Author: J.B. Keats

Publisher: Nonester Press

ISBN: 978-0-9904489-0-7

Ellen Shea is a young scholar who finds herself on a perilous journey from New York City to Europe and North Africa.  Along the way, intrigue, romance, and soul-searching questions surface as she takes the reader on a fascinating journey challenging long-held views of history and religion. 

The book’s focus on “Q” (‘Quelle’ meaning ‘Source’ as in ‘original source of Christian scripture’) and Ellen’s search for scrolls (disappeared and surfaced in mysterious and unusual ways over the centuries) are woven into a plot shedding light on possibilities which New Testament scholars have long believed: oral tradition is not reliable and literal interpretation of the Bible bears questioning, raising the question "Could the first written Christian Scriptures have been altered or even intentionally corrupted?".

Steeped in Roman Catholicism while growing up, Joel Benner (J.B.) Keats also had extensive exposure to a variety of religions.  His innate ability to write, coupled with his keen mind and fascination with religion and history,encouraged him to research and question religious tenets, culminating in a convincing story that will have readers wondering an even more basic question: “What is truth?”.

Through a compelling and entertaining narrative that stretches from ancient times to today, Ellen meets fascinating characters who challenge the reader to question and doubt centuries-old religious truths.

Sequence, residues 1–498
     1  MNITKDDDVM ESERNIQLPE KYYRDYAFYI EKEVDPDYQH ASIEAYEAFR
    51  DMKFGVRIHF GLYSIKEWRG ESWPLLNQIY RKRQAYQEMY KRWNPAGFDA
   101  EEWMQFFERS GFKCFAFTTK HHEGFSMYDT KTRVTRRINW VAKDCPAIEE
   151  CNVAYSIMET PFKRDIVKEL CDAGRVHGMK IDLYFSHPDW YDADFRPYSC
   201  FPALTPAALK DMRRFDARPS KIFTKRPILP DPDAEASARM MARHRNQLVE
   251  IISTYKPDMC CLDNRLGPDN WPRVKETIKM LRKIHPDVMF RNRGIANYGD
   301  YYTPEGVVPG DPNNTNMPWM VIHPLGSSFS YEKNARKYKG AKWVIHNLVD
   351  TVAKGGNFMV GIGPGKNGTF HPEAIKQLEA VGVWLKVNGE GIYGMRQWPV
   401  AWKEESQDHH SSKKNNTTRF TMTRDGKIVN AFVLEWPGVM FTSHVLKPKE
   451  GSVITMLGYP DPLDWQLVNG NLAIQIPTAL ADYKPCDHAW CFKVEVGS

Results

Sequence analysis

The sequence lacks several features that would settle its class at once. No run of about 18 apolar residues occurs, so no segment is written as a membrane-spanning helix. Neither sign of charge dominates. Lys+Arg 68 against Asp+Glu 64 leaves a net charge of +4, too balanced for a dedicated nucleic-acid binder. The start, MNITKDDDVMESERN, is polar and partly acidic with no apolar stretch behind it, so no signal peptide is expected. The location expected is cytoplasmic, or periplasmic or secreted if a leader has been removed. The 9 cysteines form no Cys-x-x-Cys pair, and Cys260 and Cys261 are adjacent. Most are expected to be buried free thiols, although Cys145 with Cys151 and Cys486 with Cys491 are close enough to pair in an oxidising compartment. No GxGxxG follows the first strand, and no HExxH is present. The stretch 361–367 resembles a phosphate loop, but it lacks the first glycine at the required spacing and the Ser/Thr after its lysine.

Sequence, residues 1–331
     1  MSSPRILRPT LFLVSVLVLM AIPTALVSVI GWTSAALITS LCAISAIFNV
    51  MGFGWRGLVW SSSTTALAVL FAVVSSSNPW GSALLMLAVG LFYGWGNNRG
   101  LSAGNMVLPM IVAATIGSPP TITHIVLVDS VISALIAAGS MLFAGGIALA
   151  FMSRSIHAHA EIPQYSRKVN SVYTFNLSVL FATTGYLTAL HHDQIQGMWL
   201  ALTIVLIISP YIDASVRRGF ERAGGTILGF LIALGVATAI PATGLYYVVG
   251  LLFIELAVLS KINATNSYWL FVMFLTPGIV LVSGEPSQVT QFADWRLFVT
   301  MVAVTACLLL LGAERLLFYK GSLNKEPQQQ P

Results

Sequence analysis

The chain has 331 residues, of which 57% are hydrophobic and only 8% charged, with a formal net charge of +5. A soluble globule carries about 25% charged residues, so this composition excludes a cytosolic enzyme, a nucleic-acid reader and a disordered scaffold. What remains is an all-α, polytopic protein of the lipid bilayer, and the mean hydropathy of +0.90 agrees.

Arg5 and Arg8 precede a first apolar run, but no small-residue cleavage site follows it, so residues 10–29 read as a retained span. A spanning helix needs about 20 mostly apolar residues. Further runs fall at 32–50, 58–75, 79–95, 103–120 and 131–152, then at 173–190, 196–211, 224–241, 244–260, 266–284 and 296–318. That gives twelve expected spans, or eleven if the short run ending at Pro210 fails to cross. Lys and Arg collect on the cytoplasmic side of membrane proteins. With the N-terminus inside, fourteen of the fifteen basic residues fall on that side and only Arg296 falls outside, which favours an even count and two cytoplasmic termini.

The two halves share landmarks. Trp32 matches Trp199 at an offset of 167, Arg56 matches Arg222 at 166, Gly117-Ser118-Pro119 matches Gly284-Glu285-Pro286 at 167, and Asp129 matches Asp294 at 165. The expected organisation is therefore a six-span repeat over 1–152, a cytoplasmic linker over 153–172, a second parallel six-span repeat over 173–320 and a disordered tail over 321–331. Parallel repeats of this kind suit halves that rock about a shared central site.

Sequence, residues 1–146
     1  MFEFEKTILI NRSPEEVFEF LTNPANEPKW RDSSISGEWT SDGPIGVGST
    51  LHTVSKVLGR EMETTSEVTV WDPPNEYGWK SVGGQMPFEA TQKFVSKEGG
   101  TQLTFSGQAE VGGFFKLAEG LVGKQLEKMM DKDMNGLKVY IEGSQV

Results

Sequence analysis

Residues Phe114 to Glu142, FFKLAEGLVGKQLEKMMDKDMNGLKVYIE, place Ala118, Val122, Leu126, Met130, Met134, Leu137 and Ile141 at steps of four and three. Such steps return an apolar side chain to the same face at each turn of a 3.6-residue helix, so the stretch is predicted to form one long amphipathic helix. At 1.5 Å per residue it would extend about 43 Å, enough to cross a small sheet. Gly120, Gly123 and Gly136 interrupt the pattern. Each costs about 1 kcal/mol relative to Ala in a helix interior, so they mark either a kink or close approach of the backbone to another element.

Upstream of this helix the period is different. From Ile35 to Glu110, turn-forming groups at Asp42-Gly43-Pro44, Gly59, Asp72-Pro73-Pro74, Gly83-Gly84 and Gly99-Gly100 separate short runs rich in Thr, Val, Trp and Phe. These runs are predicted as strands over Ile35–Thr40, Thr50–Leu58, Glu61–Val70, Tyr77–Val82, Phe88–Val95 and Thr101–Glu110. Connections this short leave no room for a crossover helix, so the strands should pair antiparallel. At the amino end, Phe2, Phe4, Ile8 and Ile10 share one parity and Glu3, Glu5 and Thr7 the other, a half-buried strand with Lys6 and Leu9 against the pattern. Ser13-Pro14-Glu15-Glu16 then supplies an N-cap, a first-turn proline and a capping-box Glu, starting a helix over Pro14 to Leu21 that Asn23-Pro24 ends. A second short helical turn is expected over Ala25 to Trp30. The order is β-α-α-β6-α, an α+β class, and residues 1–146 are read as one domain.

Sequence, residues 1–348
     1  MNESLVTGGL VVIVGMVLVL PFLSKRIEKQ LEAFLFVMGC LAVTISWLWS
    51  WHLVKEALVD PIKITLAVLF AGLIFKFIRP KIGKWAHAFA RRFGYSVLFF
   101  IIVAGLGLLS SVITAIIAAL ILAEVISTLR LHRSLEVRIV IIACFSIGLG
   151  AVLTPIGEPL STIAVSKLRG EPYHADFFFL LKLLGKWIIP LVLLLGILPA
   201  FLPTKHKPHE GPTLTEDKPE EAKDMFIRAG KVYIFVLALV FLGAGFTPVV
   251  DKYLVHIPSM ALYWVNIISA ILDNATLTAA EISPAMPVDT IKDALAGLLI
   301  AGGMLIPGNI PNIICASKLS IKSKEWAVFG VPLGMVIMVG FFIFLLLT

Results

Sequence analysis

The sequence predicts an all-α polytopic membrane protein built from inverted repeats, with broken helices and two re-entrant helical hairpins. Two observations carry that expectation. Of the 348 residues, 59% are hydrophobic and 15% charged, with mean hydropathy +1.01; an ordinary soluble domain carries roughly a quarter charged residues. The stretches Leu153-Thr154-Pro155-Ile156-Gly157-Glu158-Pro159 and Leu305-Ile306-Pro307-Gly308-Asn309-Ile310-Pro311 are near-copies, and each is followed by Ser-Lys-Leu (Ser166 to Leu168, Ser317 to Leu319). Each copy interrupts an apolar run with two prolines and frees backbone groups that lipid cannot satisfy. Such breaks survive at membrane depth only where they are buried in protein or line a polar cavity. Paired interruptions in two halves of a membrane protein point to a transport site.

J.B. Keats is a master storyteller whose ability to weave history and religion together is fascinating.  While it is a ‘good’ read, the title Keats chose neither intrigues nor invites and, as the protagonist is female, the title is a frustrating non sequitur. The book’s sub-title: The Hierophant (a Hierophans is a holy man who guides believers into the presence of God by interpreting sacred wisdom) as the book’s title would have added to the mystery, intrigue and fascination and could have made the book a ‘great‘ book.

Even so, this is a well-researched and entertainingly written book. The author provides an excellent appendix which authenticates both the primary story of Ellen’s journey (to locate the scrolls), and the journey of the scrolls (from ancient Anatolia through the Council at Nicaea, on to the medieval kingdoms of the Visigoths, Moors and Spaniards). 

Ending the story in the future (in 2018) and unexpectedly (don’t even try to guess!) is a clever ploy that makes the reader want to reread the book to discover clues-along-the-way leading to the conclusion that were missed.  Well done, J.B.Keats.